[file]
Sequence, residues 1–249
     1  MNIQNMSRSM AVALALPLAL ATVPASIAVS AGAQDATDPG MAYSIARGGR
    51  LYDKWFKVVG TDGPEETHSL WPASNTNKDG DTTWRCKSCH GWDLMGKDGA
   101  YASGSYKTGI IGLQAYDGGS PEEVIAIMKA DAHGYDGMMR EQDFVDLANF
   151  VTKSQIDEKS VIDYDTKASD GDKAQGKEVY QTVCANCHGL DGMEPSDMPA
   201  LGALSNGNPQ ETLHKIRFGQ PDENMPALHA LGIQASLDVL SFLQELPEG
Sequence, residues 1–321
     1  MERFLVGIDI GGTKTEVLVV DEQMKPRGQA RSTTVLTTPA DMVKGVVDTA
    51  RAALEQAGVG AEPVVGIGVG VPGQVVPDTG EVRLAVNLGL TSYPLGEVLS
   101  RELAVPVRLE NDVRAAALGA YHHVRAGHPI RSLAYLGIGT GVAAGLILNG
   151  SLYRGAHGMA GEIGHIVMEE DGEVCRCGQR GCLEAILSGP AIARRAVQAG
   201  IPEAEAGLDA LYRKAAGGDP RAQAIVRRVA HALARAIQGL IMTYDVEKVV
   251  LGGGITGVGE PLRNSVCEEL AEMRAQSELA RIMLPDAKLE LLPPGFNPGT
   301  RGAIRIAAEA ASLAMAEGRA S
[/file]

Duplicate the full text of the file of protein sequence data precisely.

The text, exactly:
Sequence, residues 1–249
     1  MNIQNMSRSM AVALALPLAL ATVPASIAVS AGAQDATDPG MAYSIARGGR
    51  LYDKWFKVVG TDGPEETHSL WPASNTNKDG DTTWRCKSCH GWDLMGKDGA
   101  YASGSYKTGI IGLQAYDGGS PEEVIAIMKA DAHGYDGMMR EQDFVDLANF
   151  VTKSQIDEKS VIDYDTKASD GDKAQGKEVY QTVCANCHGL DGMEPSDMPA
   201  LGALSNGNPQ ETLHKIRFGQ PDENMPALHA LGIQASLDVL SFLQELPEG
Sequence, residues 1–321
     1  MERFLVGIDI GGTKTEVLVV DEQMKPRGQA RSTTVLTTPA DMVKGVVDTA
    51  RAALEQAGVG AEPVVGIGVG VPGQVVPDTG EVRLAVNLGL TSYPLGEVLS
   101  RELAVPVRLE NDVRAAALGA YHHVRAGHPI RSLAYLGIGT GVAAGLILNG
   151  SLYRGAHGMA GEIGHIVMEE DGEVCRCGQR GCLEAILSGP AIARRAVQAG
   201  IPEAEAGLDA LYRKAAGGDP RAQAIVRRVA HALARAIQGL IMTYDVEKVV
   251  LGGGITGVGE PLRNSVCEEL AEMRAQSELA RIMLPDAKLE LLPPGFNPGT
   301  RGAIRIAAEA ASLAMAEGRA S